Sitophilus granarius · aruodinis straubliukas ^Thumbnails»Sitophilus granarius · aruodinis straubliukas^Thumbnails»Sitophilus granarius · aruodinis straubliukas

Sitophilus granarius · aruodinis straubliukas

  • Calandra granaria
  • wheat weevil, grain weevil, granary weevil
  • Kornkäfer
  • graudu smecernieks
  • wołek zbożowy

Originally native to eastern Mediterranean regions this species has become established throughout cooler regions of the world due to the transportation of cereal grains, it is among the most destructive pests of stored grains and may cause the complete destruction of grain in silos, bins or even in ships while being transported. In general, it has moved from natural and cultivated grains in the wild to developing solely among grain in storage and has become dependent on humans for its distribution.

Adult wheat weevils are about 3–5 mm long with elongated snouts and chewing mouth parts. Depending on the grain kernels, the size of the weevil varies. In small grains, such as millet or grain sorghum, they are small in size, but are larger in maize. The adults are a reddish-brown, sometimes almost black. Adult wheat weevils are not capable of flight. Larvae are legless, humpbacked, and are white with a tan head. Weevils in the pupal stage have snouts like the adults.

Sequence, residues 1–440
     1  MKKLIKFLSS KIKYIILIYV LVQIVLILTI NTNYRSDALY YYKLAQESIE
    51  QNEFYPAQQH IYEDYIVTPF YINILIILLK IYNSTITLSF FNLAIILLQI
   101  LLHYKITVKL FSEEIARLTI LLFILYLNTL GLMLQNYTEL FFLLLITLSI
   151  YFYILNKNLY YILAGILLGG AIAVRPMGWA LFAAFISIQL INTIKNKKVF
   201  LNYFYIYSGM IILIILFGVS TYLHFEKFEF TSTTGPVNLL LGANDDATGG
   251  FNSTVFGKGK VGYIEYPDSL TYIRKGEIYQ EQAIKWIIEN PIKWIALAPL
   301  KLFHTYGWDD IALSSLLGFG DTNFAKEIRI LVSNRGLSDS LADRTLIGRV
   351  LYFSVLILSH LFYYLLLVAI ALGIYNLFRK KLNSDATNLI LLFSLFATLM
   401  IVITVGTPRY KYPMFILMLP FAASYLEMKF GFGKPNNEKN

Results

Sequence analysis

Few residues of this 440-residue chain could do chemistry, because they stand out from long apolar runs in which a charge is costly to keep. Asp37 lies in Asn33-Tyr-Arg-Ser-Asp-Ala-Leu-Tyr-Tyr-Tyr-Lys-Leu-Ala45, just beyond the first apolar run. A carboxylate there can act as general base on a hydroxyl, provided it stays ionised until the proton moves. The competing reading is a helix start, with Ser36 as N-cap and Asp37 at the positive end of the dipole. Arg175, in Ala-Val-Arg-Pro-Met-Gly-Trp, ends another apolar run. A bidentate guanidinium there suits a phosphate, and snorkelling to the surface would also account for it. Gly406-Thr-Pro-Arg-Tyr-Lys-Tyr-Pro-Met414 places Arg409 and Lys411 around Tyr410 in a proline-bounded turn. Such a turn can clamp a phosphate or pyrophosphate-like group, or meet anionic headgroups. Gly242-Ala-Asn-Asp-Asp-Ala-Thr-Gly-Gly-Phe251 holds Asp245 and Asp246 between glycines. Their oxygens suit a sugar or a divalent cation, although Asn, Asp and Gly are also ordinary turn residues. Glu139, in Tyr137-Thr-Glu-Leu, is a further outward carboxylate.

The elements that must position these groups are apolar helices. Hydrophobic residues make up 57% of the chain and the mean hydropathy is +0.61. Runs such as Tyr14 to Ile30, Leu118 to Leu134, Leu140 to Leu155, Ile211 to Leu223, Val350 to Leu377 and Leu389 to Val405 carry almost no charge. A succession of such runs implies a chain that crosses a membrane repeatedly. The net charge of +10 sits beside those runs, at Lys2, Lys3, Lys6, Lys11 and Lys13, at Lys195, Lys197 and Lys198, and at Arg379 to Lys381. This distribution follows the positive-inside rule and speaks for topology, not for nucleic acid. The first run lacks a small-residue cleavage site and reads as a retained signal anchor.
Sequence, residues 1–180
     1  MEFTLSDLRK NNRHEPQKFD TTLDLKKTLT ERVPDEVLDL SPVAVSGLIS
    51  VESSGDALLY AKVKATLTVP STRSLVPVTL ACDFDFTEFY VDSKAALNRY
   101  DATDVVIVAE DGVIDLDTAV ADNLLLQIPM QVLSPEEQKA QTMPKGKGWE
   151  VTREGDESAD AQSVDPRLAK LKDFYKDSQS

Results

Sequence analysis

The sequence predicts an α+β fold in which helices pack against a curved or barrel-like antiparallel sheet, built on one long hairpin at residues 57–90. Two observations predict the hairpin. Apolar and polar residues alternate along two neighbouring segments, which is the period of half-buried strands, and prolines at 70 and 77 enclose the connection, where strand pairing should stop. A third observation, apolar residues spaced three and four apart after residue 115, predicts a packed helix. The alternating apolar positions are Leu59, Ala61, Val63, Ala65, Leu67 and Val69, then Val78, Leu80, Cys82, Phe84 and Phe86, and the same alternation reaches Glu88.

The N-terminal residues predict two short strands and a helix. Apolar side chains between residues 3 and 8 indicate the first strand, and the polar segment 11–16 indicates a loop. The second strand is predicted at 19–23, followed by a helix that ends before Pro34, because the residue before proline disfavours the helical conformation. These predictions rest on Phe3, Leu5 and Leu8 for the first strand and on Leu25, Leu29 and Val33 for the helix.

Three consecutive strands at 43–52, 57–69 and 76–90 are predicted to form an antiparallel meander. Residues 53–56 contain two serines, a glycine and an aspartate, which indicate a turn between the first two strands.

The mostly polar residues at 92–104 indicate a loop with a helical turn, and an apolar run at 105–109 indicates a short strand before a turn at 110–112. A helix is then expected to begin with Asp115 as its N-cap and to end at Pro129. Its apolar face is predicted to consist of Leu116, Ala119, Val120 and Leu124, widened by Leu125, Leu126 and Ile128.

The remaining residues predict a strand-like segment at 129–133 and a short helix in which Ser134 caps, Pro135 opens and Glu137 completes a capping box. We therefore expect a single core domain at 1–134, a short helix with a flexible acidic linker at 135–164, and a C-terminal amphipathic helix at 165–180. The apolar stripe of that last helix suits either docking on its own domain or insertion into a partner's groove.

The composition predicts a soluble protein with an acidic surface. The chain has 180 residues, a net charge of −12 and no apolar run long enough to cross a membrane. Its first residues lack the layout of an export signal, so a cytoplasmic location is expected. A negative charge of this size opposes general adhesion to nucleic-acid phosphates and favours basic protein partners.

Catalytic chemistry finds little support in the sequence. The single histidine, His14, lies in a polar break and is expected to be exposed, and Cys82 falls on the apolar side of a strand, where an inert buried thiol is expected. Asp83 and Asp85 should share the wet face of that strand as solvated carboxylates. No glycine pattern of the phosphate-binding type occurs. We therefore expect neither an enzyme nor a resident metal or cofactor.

Female wheat weevils lay between 36 and 254 eggs and usually one egg is deposited in each grain kernel. Female weevils can tell if a grain kernel has had an egg laid in it by another weevil. They avoid laying another egg in this grain. Females chew a hole, deposit an egg, and seal the hole with a gelatinous secretion. This may be how other females know the grain has an egg in it already. All larval stages and the pupal stage occur within the grain. The larvae feed inside the grain until pupation, after which they bore a hole out of the grain and emerge. They are rarely seen outside of the grain kernel. The life cycle takes about five weeks in the summer but may take up to 20 weeks in cooler temperatures. Adults can live up to eight months after emerging.

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